Years ago I enrolled in my first graduate class: an overview of literary criticism by the chairman of the English department. For many of my classmates with B.A.s in English, the course served as a refresher. They already knew about deconstruction and close reading and Marxist interpretations. They understood reader-response criticism, and they could write one-thousand-word critiques of poems.
I, on the other hand, graduated with a mass communications degree. I had worked as a journalist after college. I wrote in inches and structured my articles according to an inverted pyramid. I was putting a single space between sentences before it was cool, and I never restated something after I quoted it. That was a waste of space.
My degree in communications did not prepare me for the work of literary criticism that I was assigned early in the course. In my critique of Joseph Brodsky’s “The Star of the Nativity,” I poured my heart out trying to find my way into the poem, but I didn’t know what I was doing. When my professor handed back my paper with no grade—he wasn’t grading anything until the end of the semester when we would submit a portfolio of all our work—he simply wrote, “This is a wonderful reading of the poem, but you need to start your analysis from here,” directly after my last sentence. He had underlined “start”; he was asking me to start over.
After I spent that night’s class choking back tears, I went home and began again. With a few other notes my professor had written in the margins and the instructions he had given to the class as a whole, I went back into my paper and rewrote it. But not from scratch. The version I turned in next contains traces of the original. Most of the introduction was lifted straight from the first draft. Many of the same words, sentences, and observations are included in both. But the next draft read differently; it was a completely different analysis that elicited a completely different response from my professor: “You’ve done a wonderful job with this poem. You’ve got the central idea of what’s supposed to happen with a critical analysis.”
He also offered more suggestions, and I worked on it at least one more time before submitting my final piece in the portfolio. On that last version, he penned the name of a publication that might be willing to publish it with just a little more work.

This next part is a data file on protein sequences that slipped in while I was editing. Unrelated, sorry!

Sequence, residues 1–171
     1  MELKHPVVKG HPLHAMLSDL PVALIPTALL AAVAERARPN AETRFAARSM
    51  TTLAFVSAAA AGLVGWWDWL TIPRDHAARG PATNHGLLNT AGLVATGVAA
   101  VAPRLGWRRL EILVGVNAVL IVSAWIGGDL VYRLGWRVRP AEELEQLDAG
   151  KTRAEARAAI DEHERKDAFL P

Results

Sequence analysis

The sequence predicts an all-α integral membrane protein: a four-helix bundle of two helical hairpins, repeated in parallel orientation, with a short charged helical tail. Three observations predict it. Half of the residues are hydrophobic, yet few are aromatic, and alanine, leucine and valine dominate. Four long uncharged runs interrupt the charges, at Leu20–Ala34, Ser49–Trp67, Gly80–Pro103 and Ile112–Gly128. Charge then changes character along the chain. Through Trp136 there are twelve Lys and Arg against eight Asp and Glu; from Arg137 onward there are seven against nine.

Somewhere along the way, I lost the official letter my professor wrote about my coursework, but I still have the handwritten note he included when he handed back my portfolio in class. Even though he said I had “already earned an A,” he made a few more suggestions for improving the work. “Making the changes would make already fine work better,” he wrote. And then he invited me to schedule a meeting to talk about it.
I was happy for the A, of course. What student wouldn’t be? But it was a different A than I had ever earned before. In the past, I had been rewarded for my writing, but rarely for my rewriting, for my work of revision. In the meeting I eventually had with the professor, he said it was my work ethic that actually had earned me the grade, and by that he meant my willingness to go back again and again. Honestly, I think it was the first time I had been given the opportunity.
A recent Quartz article examines what happened during—not just as a result of—the revision process when one author wrote his latest novel using GitHub, a version management and file hosting website normally reserved for writing computer code. Author Gregory Mazurek, whose pen name is Gregory Gershwin, uses GitHub in his day job as a software designer. But when he was looking for a platform for his next book that would easily convert his work into an EPUB version, he realized GitHub would do the trick. Knowing that GitHub also would create a new copy of his novel each time a change was made—a function important to software designers—hadn’t really seemed important at first.